The beauty of Sink the Pink is its inclusivity – it’s a real safe space. It’s an example of creativity uniting people to show defiance. Why do you think these places are more important than ever?

Georgie Bee: Because there’s still so much prejudice and so much horrendous shit going down in the world. You know the Sink the Pink Summer Ball happened the same night as Orlando? That’s why it’s important to show solidarity. Drag’s extremely important too, it helped me discover new things about myself and that’s very valuable. I had girls come to me after the show and ask how they could do this; they said they didn’t feel they could do drag purely because they’re women. I thought that was so fucked up, how can anyone say that this thing has to be exclusively owned by another sex? People should understand the history of it and respect drag, but it really should be for anybody. It’s a platform for people who don’t feel normal, so it’s important to have spaces like Sink the Pink where you can totally play with genderfuck and nobody will judge you. When you have that kind of safe space you feel so much less alone.

How essential is it that drag incorporates the entire spectrum of gender and sexuality?

Georgie Bee: Drag is for anyone – it’s about having fun and feeling good about yourself. It’s vital that women aren’t told it’s ‘not for them’, because it’s so important to allow people to express themselves. Female queens in London are getting so big now, there are a lot of people doing it. You can scroll through hashtags and see these amazing women and these amazing people doing it, and that’s what it should be about. It shouldn’t be “Oh, is that a man or a woman?” Just watch the fucking show and enjoy it – that’s the whole fucking point.

“At the end I strip down to reveal my ‘children’ – which were actually four Beanie Babies glued to my nipples – and just started jizzing over everything to the sounds of Donna Summer’s ‘Hot Stuff’. It’s all very horny” – Georgie Bee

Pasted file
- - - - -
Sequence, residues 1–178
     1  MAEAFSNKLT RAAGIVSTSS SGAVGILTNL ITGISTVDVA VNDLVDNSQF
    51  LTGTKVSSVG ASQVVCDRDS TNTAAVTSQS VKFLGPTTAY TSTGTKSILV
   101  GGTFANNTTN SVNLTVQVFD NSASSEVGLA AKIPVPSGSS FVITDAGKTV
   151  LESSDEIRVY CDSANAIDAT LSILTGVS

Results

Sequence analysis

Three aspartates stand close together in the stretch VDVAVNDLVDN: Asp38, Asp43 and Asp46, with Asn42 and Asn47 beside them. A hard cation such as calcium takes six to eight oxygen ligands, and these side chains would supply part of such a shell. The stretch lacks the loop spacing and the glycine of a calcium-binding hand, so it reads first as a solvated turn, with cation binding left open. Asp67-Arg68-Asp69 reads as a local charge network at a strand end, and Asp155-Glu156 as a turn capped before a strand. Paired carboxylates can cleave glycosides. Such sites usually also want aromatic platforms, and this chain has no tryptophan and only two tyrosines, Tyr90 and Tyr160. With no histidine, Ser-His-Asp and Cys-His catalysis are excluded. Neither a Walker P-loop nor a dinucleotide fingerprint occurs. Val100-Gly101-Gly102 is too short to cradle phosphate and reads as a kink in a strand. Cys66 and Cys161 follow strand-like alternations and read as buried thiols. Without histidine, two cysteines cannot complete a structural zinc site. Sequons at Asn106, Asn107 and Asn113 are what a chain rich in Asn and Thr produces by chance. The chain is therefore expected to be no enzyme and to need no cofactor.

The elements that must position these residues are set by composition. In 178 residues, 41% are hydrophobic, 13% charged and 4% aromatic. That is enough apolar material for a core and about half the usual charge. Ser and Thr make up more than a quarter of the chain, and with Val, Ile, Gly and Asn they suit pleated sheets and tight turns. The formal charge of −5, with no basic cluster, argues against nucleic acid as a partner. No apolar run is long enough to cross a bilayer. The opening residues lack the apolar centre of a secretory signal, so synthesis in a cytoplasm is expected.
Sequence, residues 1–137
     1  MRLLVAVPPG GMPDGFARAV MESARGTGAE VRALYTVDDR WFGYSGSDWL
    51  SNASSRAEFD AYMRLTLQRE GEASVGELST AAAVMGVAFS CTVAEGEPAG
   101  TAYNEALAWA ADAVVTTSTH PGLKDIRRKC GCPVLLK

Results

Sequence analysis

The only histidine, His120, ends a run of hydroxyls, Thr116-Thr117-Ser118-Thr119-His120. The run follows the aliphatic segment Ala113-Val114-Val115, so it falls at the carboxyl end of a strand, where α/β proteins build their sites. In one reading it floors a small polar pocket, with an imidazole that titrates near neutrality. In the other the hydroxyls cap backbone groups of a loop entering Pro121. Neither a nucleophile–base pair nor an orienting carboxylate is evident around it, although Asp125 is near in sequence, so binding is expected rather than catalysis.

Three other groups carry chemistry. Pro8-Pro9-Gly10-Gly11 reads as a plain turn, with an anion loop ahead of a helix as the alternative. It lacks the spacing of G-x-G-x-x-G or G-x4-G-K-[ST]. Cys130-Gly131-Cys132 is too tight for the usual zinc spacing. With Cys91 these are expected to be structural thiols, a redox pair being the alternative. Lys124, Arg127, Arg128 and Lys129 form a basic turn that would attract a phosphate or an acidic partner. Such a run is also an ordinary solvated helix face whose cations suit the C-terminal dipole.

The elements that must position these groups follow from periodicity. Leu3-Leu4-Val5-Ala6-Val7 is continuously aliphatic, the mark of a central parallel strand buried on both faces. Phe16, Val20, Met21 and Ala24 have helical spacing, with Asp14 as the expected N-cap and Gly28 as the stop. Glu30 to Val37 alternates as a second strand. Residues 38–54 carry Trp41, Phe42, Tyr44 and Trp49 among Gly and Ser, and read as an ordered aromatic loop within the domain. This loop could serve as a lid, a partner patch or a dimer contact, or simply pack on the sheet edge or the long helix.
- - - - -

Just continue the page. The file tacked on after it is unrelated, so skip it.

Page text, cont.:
Have you experienced misogyny as a female queen?

Georgie Bee: Does Instagram taking my nipple pictures down count?! Club promoters grill me to ask if my performance is ‘burlesque’. Fuck you. Would you ask those questions if I were a man? I just won Miss Sink The Pink – a drag competition – yet I’m still expected to justify that my performance isn’t burlesque and it’s a total joke. That’s the main thing really. It’s funny, though, my pictures were reported a few times on Facebook and obviously got reviewed, but Facebook must be confused by me because it deems my nipples acceptable for the world to see. Facebook thinks I have male nipples! At Sink The Pink the response has always been positive, though, nothing to my face – not yet anyway!

What would you say to any readers wanting to come to Sink the Pink?

Georgie Bee: Go with an open mind. People always ask what to wear and I reply that, no matter what you wear, there’ll always be someone that looks crazier than you so just be as weird or as extravagant as you want. There’s plenty of people that don’t dress up and that’s absolutely acceptable too, that just want to go and experience it, and that’s fine too. The thing is, though, just because there’s a lot of nudity it doesn’t mean you’re allowed to grab somebody’s tits. Some people still get that wrong, so it’s important to educate people because it’s not polite, it’s not nice and it’s ultimately not acceptable.